After seeing An Evening with Beatrice Lillie, British critic Ronald Barker wrote, "Other generations may have their Mistinguett and their Marie Lloyd. We have our Beatrice Lillie and seldom have we seen such a display of perfect talent." In 1954 she won the Sarah Siddons Award for her work in Chicago theatre.
An amusing, but perhaps apocryphal story has it that a somewhat intoxicated Beatrice Lillie, upon returning to her hotel one evening, regally instructed the desk clerk to hand her "Lady Keel’s Pee". Tallulah Bankhead actually made that remark. She and Bea had been out together and Tallulah believing she was the more sober one instructed the desk clerk to give her "Lady Keel’s Pee Please."
She married, on January 20, 1920, at the church of St. Paul, Drayton Bassett, Fazeley, near Tamworth in Staffordshire to Sir Robert Peel, 5th Baronet. She eventually separated from her husband (but never divorced him) until he died in 1934. Their only child, Sir Robert Peel, 6th Baronet, was killed in action aboard HMS Tenedos in Colombo Harbour, Ceylon (right now Sri Lanka), in 1942.
During World War II, Lillie was an inveterate entertainer of the troops. Before she went on stage, she learned her son was killed in action. She refused to postpone the performance saying "she would cry tomorrow."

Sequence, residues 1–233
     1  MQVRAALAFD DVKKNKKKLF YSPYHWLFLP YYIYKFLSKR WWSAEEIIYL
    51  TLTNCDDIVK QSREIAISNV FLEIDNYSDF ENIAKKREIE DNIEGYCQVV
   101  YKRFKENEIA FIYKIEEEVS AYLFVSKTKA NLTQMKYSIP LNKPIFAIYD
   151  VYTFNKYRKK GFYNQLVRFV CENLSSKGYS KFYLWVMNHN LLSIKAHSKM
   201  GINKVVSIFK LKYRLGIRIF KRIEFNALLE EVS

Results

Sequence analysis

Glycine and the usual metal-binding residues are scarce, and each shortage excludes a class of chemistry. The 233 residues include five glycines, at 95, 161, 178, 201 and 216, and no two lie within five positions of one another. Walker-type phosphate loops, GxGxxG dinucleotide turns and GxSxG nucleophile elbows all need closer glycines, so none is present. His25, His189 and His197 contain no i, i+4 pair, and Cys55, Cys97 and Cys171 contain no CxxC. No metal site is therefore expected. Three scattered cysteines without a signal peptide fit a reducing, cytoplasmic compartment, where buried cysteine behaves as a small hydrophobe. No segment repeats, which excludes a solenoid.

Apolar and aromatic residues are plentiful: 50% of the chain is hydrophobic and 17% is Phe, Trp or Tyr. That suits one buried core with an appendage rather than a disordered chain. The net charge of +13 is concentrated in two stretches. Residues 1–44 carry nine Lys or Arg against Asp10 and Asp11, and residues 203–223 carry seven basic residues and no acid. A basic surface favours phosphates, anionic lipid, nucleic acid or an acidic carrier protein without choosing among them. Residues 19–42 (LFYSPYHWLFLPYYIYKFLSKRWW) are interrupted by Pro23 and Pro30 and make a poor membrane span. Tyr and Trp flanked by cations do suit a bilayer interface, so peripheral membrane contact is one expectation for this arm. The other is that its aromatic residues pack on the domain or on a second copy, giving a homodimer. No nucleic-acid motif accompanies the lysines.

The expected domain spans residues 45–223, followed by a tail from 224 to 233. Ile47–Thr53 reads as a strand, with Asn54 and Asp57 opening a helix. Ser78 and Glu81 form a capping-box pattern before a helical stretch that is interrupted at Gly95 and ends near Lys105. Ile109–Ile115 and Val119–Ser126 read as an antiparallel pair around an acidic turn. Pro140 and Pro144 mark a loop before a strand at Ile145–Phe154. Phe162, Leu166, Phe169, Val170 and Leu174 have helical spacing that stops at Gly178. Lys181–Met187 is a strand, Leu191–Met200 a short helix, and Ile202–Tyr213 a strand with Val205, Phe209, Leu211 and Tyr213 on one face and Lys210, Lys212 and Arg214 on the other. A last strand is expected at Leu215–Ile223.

In 1948 she met singer/actor John Philip Huck, almost three decades younger than she, who became her friend and companion. Huck has been described by biographers and friends of Lillie’s as a no-talent, obsessive control freak who used Lillie as his ticket to a brush with fame. Though apparently devoted to her, Huck isolated her from her friends and family in her later years and exerted almost total control over her life and financial affairs. She was reportedly involved in romantic relationships with actresses Tallulah Bankhead and Gertrude Lawrence.
She retired from the stage due to Alzheimer’s disease and died on January 20, 1989, which was also the date of her marriage anniversary, at Henley-on-Thames, aged 94. Huck died of a heart attack only 31 hours later, and is interred next to her in the Peel family estate’s cemetery near Peel Fold, Blackburn.
For her contributions to film, Beatrice Lillie has a star on the Hollywood Walk of Fame at 6404 Hollywood Blvd.
Beatrice Lillie returned to England in April, 1944, by happenstance, on the same airplane that took Ernest Hemingway back to report on yet another war. Gertrude Lawrence was on the same plane.
* Exit Smiling (1926)
* The Show of Shows (1929)
* Are You There? (1930)
* Dr. Rhythm (1938)
* On Approval (1944)
* Around the World in Eighty Days (1956)
* Thoroughly Modern Millie (1967)
* Beatrice Lillie (1929)
* Broadway Highlights No. 1 (1935)
* Broadway Highlights No. 2 (1935)
Awards and achievements
Preceded by Helen Hayes
Sarah Siddons Award – Sarah Siddons Society, Chicago 1954
Succeeded by Deborah Kerr
* 1953 : Special Award — An Evening With Beatrice Lillie (winner)
* 1958 : Best Leading Actress in a Musical — Ziegfeld Follies of 1957 (nominee)
* 1964 : Best Leading Actress in a Musical — High Spirits (nominee)
From Wikipedia, the free encyclopedia